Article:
The highly respected British actor, best known for his powerful portrayals in the likes of In the Name of the Father, The Usual Suspects and Amistad, along with David Fincher’s not-so-well received Alien 3, passed away at the age of 64 on Sunday after years of battling with cancer.
Postlethwaite died peacefully on Sunday night at a hospital in Shropshire, England where he was surrounded by his family. Close friend, Andrew Richardson, made the announcement to the UK media today.
He was an enigmatic actor, able to capture the subtleties required for any role he undertook, and his distinct, craggy face and regional timbre gave an extra edge to his performances.
After starting his career in British television and stage, he was given his first big screen role in Alien 3, in which he played one of the monk like in-mates on a prison planet.
His career escalated thereafter and he was given a pivotal role alongside Daniel Day-Lewis in the highly acclaimed, In The Name of the Father, and then again in The Last of the Mohicans. His performance as Day-Lewis’ dying father in the former film won him an Oscar nomination for Best Supporting Actor.
His popularity continued to rise and after his inclusion in The Usual Suspects as Mr. Kobayashi, Postlethwaite became something of a Hollywood darling.
Subsequently he appeared in Baz Luhrmann’s adaptation of William Shakespeare’s Romeo + Juliet, and two Steven Spielberg films, Amistad and The Lost World: Jurassic Park.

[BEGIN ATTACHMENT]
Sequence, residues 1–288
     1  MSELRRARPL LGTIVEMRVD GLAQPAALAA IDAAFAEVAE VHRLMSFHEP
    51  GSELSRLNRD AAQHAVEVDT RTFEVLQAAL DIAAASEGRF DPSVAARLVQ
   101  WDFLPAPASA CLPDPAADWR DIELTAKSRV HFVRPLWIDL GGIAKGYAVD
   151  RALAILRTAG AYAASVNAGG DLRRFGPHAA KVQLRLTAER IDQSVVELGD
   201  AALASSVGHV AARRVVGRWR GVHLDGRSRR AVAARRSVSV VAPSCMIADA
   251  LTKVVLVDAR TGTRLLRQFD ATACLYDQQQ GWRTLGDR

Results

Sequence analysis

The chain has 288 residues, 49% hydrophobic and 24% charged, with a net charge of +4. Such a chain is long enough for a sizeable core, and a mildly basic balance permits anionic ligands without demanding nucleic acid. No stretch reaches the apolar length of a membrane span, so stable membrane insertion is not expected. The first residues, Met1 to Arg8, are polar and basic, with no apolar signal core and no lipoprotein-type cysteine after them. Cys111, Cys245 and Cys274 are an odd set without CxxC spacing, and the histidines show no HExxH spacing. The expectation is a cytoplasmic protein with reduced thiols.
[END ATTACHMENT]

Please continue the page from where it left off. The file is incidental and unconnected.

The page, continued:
Spielberg was so enamoured by Postlethwaite that he once referred to him as “the best actor in the world,” to which he retorted, “I’m sure what Spielberg actually said was, ‘The thing about Pete is that he thinks he’s the best actor in the world.’ ”
Prior to becoming an actor Postlethwaite set out to be a priest, a move which never materialised as he instead became a teacher.
He was given the title of O.B.E. (Officer of the Order of the British Empire).
Postlethwaite leaves behind his wife, Jacqueline, as well as his son William and daughter Mary.
Perhaps his most underrated role is that of the librarian in the 90 minute documentary Age of Stupid, in which Postlethwaite’s character explains how the world came to an abrupt end as a result of climate calamities, seemingly caused by mankind’s dependence on fossil fuels. You can see the trailer right here:
Please share your thoughts about Pete Postlethwaite’s career or leave a tribute by posting a comment.
images: filmreference.com, avltheatre.com